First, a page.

Eating Mediterranean-style is beneficial as it has been associated with improved heart health, a decreased risk of many diseases such as Parkinson’s and diabetes, and reduced risks of type 2 diabetes, cancer, heart disease and mental health issues.
This popular dietary plan emphasizes vegetables, fatty fish, complex carbohydrates, and allows for moderate wine consumption. Its many health benefits have been recognized for a long time.
A Registered Dietitian, who follows the Mediterranean diet – which is praised for its countless health benefits – has divulged what she always keeps in her kitchen. This dietary pattern is widely accepted as one of the most beneficial eating habits due to its association with improved heart health and a decreased risk of many diseases such as Parkinson’s and diabetes.
The Mediterranean diet emphasizes plant-based foods such as vegetables, legumes and seafood; as well as oils like olive oil and limited amounts of wine. It is designed to limit or avoid consumption of processed, fried and red meats; refined grains; added sugar; and saturated fat.
Kirsten Jackson, a Registered Dietitian who follows the Mediterranean diet, told Insider that research suggests it reduces the risk of several health conditions, including type 2 diabetes, cancer, heart disease and mental health issues.
As someone with IBS, the Mediterranean diet provides me with the recommended 30 plant sources per week that diversifies my gut bacteria, according to Jackson. She also emphasized that this doesn’t need to be a strict diet, and other foods can still be enjoyed in moderation. To help her eat Mediterranean-style, Jackson shared six of her go-to foods that she always keeps in her kitchen.
Nuts and Seeds
Jackson likes to keep a variety of nuts and seeds in a container, which she adds to dishes like salads and oatmeal. According to her, this provides a good source of healthy fats and diversity that are beneficial for the gut microbiota.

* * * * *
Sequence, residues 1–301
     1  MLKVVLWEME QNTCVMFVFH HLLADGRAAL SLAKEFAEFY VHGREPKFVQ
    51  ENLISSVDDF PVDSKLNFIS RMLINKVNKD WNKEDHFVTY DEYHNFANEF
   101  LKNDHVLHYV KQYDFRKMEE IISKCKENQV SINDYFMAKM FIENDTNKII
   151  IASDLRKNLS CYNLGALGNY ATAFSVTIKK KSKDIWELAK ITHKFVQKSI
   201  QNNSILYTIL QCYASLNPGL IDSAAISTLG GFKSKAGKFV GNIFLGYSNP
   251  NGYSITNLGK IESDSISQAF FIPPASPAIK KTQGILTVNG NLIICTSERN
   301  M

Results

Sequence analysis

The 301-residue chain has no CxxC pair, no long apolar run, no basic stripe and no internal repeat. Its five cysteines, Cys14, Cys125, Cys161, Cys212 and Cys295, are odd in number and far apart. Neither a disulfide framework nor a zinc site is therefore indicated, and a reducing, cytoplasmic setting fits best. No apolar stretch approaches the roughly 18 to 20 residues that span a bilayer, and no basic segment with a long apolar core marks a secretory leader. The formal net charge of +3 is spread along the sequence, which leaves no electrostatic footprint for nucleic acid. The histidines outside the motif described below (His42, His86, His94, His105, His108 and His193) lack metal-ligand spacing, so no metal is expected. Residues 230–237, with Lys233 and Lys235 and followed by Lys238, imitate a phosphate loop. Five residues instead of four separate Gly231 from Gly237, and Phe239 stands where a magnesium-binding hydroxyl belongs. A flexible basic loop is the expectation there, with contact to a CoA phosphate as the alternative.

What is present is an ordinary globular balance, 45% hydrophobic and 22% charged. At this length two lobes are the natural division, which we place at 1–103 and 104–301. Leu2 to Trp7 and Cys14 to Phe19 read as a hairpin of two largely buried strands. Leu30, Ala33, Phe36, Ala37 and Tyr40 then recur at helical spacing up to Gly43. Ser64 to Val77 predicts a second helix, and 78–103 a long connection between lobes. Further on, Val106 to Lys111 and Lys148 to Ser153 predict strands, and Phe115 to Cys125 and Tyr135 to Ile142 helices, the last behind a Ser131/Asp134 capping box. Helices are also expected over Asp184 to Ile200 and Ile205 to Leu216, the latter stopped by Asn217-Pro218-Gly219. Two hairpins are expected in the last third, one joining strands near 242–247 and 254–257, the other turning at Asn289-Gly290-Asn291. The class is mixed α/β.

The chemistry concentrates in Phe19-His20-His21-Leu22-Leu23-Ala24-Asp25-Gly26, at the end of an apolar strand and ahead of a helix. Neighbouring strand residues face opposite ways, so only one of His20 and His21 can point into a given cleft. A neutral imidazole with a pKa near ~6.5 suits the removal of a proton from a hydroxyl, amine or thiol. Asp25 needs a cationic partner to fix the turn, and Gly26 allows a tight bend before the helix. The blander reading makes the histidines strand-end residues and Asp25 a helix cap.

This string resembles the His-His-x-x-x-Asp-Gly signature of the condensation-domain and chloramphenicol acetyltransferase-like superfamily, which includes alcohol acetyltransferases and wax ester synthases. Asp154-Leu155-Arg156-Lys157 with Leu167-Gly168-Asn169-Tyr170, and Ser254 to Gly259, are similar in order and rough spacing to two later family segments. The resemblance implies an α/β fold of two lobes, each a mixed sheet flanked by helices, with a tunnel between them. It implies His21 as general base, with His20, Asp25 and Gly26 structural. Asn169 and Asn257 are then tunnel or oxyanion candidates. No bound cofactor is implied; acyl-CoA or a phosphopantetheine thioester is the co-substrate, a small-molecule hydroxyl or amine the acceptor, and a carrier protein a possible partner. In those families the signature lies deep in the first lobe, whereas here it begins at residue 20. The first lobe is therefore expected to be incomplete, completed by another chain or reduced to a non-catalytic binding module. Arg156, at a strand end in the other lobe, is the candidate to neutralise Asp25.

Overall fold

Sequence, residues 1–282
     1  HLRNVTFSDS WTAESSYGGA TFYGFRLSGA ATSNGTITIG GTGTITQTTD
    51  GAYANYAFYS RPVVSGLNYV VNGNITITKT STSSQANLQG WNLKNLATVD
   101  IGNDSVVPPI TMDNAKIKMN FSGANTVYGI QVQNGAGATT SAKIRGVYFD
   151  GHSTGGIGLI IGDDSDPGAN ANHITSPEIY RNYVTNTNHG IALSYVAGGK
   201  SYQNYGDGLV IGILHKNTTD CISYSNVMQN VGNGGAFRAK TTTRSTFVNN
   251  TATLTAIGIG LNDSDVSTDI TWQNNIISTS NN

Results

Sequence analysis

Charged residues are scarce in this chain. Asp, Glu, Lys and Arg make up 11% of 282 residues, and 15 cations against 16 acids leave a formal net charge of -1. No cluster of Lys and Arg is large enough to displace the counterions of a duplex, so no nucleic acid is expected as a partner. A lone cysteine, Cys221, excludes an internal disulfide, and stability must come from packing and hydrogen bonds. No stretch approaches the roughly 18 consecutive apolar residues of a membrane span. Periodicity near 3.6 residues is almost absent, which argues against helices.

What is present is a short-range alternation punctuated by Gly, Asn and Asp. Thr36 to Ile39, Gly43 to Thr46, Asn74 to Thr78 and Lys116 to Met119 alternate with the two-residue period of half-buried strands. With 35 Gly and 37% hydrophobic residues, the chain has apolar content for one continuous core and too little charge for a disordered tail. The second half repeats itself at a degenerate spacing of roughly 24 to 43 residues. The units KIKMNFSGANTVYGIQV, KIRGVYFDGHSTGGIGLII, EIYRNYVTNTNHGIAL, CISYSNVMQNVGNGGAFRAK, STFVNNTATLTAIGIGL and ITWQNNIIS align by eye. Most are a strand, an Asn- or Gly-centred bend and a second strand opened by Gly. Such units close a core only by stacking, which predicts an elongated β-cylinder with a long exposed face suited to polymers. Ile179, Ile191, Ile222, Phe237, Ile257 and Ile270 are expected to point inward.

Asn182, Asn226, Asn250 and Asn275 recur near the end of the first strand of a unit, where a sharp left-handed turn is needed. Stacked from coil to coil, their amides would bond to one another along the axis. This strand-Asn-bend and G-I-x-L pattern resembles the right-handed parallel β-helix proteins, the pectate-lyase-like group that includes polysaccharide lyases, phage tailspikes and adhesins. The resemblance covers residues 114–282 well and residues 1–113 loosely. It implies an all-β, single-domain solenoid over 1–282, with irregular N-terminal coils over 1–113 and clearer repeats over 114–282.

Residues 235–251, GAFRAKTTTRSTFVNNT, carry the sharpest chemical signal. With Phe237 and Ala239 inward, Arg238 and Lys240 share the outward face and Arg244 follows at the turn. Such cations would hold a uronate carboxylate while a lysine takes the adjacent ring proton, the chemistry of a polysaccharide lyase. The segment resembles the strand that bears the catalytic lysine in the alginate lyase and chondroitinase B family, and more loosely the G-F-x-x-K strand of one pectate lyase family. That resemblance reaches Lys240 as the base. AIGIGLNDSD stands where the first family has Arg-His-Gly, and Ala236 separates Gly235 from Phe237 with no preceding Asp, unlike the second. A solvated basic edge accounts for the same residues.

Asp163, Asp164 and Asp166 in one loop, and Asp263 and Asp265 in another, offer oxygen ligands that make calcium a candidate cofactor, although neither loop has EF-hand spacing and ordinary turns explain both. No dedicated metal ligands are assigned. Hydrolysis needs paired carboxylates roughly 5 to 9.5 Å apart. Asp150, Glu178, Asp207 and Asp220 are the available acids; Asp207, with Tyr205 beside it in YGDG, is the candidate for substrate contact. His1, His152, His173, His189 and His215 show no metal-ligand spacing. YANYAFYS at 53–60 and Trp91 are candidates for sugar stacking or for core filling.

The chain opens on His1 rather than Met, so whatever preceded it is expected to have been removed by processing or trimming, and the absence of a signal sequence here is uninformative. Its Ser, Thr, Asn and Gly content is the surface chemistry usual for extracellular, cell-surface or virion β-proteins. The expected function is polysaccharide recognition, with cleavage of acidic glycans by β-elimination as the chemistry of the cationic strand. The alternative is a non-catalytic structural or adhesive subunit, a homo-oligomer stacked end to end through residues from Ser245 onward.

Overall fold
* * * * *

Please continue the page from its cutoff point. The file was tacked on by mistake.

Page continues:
Jackson stocks her kitchen with an array of whole grain carbohydrates such as brown rice, wholemeal bread, wholemeal pasta, oats, and quinoa. She finds them quick to cook and the perfect foundation for meals. “They form an awesome base for your main meals,” she said.
Jackson eats a diverse selection of vegetables thanks to her subscription to a delivery service that sends her boxes full of fresh and seasonal produce, as well as items that would otherwise be discarded. Eating these different types of vegetables can help reduce the risk of heart disease, stroke, certain cancers, lower blood pressure, and improve digestive health. As Savanna Swain-Wilson from Inside, adding a variety of vegetables to one’s diet is beneficial.
Frozen fruit is more cost-effective than fresh produce, and it also provides more micro-nutrients due to its being frozen shortly after harvesting, according to Jackson.
Jackson has two types of olive oil in her kitchen: high quality virgin olive oil and extra light olive oil. She uses the virgin variety for its antioxidants, to make hummus, or for drizzling over bread. The extra light variety is used for cooking as it is more stable and does not release harmful compounds when heated.
Jackson mentioned that he always keeps tinned sardines in tomato sauce in the cupboard as they are tasty and more affordable than buying fresh fish.